Laura Mandanas is a Filipina American living in Boston. By day, she works as an industrial engineer. By night, she is beautiful and terrible as the morn, treacherous as the seas, stronger than the foundations of the Earth. All shall love her and despair. Follow her: @LauraMWrites.

Laura has written 210 articles for us.


  1. Building yourself up by putting down others (whether fat, skinny, male, female or whatever the notion) is never going create the kind of empowerment I think and hope we are looking for.

  2. oh man, both those videos soothed my soul, i did not know they existed, thank you for embedding them.

    and of course, thank you for telling me about your little sister. it gives me hope for my cousins and all those other little kids (at least in america, at least those that have access to the internet) who are growing up right now.

    man. i wish the feminist internet had been more of a thing when i was younger. but the internet was only barely a thing then. pretty sure i came out as bi around the same time my family got home internet access, pretty sure those two events were related.

    thanks for this.

  3. This is beautiful. And that #likeagirl video may have made it rain on my face a little bit I’M NOT CRYING YOU’RE CRYING IT’s FINE

  4. I’ll admit that my first viewing of ‘all about that bass’ left me feeling a little bummed that skinny women were being put down in order to build other women up, but it’s stuck in my head anyway so there you go.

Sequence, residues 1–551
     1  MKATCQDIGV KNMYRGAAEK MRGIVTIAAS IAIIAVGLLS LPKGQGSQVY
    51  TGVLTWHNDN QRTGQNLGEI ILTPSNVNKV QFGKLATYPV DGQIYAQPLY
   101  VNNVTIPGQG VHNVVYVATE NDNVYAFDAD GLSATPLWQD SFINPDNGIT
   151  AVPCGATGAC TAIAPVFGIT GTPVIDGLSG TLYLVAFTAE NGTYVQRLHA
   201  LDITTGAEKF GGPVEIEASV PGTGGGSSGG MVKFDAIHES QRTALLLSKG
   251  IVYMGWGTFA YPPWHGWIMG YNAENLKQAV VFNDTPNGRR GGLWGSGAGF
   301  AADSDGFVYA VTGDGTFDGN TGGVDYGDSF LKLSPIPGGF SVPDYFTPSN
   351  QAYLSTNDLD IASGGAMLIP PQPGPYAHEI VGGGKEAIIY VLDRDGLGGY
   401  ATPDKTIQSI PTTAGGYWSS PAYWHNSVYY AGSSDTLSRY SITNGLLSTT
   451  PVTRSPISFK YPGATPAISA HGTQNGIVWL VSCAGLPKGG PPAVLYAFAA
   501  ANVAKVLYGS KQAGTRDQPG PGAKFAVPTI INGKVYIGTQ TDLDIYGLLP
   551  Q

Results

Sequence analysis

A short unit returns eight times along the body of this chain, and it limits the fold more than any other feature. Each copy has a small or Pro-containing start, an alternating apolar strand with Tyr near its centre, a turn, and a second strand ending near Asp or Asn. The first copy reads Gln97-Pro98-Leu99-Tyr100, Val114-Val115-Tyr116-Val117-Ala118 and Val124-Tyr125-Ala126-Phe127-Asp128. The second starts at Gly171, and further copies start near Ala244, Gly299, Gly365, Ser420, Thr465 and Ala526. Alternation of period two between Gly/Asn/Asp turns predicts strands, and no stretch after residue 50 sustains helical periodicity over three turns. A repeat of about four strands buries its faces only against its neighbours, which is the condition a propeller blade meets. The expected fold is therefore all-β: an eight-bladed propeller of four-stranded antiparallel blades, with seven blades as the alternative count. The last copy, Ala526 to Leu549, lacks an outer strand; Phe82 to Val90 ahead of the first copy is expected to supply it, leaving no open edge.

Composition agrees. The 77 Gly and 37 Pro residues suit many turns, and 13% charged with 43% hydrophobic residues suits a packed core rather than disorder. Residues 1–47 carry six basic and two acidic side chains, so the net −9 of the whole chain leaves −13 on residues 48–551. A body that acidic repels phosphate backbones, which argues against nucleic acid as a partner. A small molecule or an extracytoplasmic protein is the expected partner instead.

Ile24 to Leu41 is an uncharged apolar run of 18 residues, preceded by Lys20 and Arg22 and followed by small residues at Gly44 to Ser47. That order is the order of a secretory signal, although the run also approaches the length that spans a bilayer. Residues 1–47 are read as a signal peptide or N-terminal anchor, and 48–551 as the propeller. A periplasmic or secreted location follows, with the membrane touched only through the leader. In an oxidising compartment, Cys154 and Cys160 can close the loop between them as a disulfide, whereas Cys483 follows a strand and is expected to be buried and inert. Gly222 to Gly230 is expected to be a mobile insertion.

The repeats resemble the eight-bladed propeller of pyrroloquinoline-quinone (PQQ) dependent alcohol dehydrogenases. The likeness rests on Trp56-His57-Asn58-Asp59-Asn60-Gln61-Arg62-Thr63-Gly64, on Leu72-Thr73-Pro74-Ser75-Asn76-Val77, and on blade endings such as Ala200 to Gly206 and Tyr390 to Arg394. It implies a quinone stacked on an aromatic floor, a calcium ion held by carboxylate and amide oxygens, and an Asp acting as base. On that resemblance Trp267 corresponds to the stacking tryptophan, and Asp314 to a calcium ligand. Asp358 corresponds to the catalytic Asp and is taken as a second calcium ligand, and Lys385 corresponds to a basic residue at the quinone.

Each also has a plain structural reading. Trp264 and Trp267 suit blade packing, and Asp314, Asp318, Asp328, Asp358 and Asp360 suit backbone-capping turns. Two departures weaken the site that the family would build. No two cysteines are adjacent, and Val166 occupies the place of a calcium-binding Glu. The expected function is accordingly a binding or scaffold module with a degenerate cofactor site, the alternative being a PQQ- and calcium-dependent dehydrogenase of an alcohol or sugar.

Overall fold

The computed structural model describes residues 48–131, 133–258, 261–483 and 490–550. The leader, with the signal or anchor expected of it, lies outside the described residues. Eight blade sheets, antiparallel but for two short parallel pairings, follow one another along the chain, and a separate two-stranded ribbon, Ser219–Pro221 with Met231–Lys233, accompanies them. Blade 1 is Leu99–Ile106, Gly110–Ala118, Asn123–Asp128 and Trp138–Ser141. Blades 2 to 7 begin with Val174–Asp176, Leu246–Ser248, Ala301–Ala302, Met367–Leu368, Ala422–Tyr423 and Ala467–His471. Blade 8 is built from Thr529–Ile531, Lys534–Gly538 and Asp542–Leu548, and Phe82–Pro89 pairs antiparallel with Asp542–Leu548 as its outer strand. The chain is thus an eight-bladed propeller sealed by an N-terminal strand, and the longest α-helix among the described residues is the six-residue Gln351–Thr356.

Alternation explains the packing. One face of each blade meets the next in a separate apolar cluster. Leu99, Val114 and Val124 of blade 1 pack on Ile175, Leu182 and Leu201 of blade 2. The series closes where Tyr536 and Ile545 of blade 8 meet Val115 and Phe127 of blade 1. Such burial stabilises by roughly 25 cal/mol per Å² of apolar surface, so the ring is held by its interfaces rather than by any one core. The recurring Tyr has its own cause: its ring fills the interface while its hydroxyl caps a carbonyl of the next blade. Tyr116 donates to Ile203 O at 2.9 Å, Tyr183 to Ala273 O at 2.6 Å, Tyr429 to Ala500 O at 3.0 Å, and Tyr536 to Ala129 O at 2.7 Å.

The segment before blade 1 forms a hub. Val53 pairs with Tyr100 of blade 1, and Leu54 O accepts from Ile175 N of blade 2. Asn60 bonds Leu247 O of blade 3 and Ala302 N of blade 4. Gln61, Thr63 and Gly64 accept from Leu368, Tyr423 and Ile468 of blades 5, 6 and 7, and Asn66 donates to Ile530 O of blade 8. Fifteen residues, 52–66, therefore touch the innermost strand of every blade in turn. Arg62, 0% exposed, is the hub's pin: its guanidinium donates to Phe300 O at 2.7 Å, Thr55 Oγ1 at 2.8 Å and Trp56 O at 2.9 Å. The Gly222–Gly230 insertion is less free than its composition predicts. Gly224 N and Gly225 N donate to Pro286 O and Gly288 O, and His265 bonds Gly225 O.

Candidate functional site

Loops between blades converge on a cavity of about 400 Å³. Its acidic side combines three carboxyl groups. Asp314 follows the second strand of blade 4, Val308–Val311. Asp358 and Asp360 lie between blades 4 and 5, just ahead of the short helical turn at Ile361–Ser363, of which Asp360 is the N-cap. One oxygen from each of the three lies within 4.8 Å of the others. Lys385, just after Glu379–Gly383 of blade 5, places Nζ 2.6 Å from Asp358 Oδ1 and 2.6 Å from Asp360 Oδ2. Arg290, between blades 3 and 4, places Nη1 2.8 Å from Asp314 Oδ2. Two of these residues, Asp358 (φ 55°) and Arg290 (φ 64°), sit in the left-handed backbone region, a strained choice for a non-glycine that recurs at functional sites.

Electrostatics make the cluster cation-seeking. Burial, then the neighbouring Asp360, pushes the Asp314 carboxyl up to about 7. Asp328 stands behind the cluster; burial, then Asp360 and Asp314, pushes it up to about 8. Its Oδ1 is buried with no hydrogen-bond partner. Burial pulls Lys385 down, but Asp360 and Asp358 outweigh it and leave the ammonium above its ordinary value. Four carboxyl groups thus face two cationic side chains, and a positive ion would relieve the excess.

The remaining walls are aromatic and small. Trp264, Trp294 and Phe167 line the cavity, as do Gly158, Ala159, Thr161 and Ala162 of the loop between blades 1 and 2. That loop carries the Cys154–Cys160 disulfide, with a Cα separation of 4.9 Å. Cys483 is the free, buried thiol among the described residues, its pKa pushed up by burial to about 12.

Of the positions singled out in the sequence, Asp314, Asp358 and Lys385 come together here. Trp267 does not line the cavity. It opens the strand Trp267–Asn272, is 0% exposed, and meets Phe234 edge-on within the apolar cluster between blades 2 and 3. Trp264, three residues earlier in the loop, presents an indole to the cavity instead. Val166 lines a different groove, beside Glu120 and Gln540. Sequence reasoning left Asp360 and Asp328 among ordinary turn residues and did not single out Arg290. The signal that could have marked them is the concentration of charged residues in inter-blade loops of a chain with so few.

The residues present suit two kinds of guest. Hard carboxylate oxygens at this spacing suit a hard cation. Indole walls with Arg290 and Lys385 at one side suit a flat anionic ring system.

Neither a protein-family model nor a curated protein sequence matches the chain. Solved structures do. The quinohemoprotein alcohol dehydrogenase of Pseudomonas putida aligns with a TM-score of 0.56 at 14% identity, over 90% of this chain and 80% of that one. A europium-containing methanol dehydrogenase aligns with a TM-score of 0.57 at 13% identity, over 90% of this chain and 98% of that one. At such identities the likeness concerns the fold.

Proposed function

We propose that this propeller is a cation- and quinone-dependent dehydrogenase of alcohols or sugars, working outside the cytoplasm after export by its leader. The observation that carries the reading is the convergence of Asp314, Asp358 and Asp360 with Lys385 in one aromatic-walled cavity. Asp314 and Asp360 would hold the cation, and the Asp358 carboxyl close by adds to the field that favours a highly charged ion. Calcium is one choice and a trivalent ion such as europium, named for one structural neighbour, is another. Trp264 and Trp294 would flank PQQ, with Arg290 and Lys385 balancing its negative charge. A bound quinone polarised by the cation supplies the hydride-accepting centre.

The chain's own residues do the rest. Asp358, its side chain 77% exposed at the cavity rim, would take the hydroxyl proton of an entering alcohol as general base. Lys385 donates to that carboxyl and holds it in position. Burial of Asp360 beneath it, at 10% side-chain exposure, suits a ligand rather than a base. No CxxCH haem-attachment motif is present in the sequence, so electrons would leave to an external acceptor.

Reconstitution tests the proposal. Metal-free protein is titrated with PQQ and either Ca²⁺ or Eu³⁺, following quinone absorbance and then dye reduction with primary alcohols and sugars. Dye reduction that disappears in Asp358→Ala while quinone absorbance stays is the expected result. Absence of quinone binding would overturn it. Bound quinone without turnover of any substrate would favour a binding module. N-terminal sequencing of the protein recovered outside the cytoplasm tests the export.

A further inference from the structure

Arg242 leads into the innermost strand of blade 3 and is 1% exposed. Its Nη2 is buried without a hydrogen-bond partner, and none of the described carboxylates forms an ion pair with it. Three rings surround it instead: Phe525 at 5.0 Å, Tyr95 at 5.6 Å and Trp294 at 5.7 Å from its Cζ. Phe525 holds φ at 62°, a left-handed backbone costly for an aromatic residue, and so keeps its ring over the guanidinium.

5. This makes me so happy to see. I saw the “Like a Girl” video on my dashboard yesterday and was moved by it. Admittedly, I was quick to hate “All About That Bass” because I had it e-mailed to me by a “friend” trying to shame me for having an eating disorder. But after I rewatched it, I realized that just because it hurt me a little, that doesn’t mean that other people can’t benefit from it.

    • Ugh, what an obnoxious way to show “friendship.” Wishing you wellness. <3

  6. That ‘skinny bitches’ section of the first video earned a frown. Encouraging ANYONE to feel badly about their appearance – even in retaliation to modern societal/media norms – is not okay. Everyone’s beautiful in their own way and everyone likes something different; the focus should be on saying ‘I’m beautiful despite what some may say’, not ‘I’m beautiful and I think you’re ugly, despite what they say’. I’m saying this as someone who is healthy but a little overweight.

    That aside, I really enjoyed this article. It’s a beautiful thing, seeing how the internet can effect positive change in the attitude and mindset of young people. It’s wonderful to know that your sister is completely unabashed to speak as a confident young woman, at an age that I know I struggled with.

  7. my little cousin is like this (always posting such awesome feminist stuff on fb and tumblr) and its awesome. i’ve been happy to see her becoming more aware of race issues as well :) she’s 15!

  8. It’s worth reading the whole verse that mentions ‘skinny bitches’:

    I’m bringing booty back
    Go ahead and tell them skinny bitches that
    No I’m just playing. I know you think you’re fat
    But I’m here to tell ya
    Every inch of you is perfect from the bottom to the top

    Admittedly you have to listen closely, but she’s actually calling people on that phrase too.

  9. Where does the author get off saying that all this is to blame on the patriarchy? Certainly a specific body type or beauty ideal has been set forth by the male population, but women are as much to blame on forcing each other into a specific idea of a body style or beauty image.